A fascinating drama that investigates the infamous Croydon poisonings is set to be screened by the BBC.

The programme sees actor, writer, director and producer Julian Fellowes guide us through the unsolved murders of three members of a 1920s upper middle-class family.

Julian Fellowes Investigates examines the mysterious death of Edmund Duff, who lived in South Park Hill Road, and Violet and Vera Sidney who lived in neighbouring Birdhurst Rise.

The three all died within a year of each other from arsenic poisoning.

Grace Duff, who was Edmund's wife, Violet's daughter and Vera's sister, has long been regarded as the prime suspect although no one has ever been charged with the murders.

Producer Clare Alan said the intriguing nature of the cases known as either the Croydon Poisonings or the Birdhurst Murders made it perfect for the Julian Fellowes trilogy.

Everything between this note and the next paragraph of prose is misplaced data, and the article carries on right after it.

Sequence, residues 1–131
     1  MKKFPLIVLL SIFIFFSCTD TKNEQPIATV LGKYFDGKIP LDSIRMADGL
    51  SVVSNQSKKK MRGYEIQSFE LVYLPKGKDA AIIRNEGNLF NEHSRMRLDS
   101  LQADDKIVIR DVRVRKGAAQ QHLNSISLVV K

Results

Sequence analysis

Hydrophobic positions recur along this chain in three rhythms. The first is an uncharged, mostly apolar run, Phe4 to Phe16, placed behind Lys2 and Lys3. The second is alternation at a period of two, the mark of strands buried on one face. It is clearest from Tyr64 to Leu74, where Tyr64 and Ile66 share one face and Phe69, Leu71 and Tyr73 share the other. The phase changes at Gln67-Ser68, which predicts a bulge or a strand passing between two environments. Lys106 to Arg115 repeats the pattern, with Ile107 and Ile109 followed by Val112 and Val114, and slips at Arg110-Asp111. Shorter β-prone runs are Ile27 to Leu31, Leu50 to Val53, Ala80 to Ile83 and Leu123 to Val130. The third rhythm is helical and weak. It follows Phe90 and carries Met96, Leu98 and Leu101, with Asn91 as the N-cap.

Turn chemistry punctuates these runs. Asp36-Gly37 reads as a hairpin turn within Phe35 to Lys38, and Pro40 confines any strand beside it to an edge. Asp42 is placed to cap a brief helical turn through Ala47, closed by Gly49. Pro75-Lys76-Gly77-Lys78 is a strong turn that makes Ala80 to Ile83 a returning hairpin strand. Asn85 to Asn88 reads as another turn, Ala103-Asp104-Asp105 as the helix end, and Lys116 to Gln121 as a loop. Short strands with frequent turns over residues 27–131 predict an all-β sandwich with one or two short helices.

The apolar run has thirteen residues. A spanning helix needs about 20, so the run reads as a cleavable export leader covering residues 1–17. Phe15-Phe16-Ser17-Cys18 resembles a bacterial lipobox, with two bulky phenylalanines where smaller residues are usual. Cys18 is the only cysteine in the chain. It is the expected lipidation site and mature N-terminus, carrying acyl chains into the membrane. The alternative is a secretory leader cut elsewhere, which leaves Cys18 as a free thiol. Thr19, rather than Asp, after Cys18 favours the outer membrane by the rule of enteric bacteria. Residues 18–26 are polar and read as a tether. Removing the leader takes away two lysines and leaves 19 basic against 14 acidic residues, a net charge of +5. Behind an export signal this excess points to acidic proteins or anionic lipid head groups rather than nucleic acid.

She said: "I loved the idea of a suburban murder mystery and the Croydon Poisonings is very intriguing and fascinating.

"The murders were well publicised at the time so we used a lot of old newspaper articles to help us research.

"When you look around Birdhurst Rise and South Park Hill Road a lot of the places have survived and are still there.

"We even filmed in some of the houses in the area."

Clare says she was able to hear about 1920s life in Croydon firsthand as her grandparents lived in the borough during that time.

"My grandmother lived in Croydon at the time of the murders so I was able to talk to her and she helped me a lot.

"We went back to the newspaper libraries and talked to people who were in Croydon at the time.

"I've always lived in south London and my grandmother and grandfather both lived there so this is a case I am particularly interested in.

"I've always found this case very fascinating."

Julian Fellowes Investigates the Case of Violet Sidney is due to be broadcast on BBC One on December 30 at 9.45pm.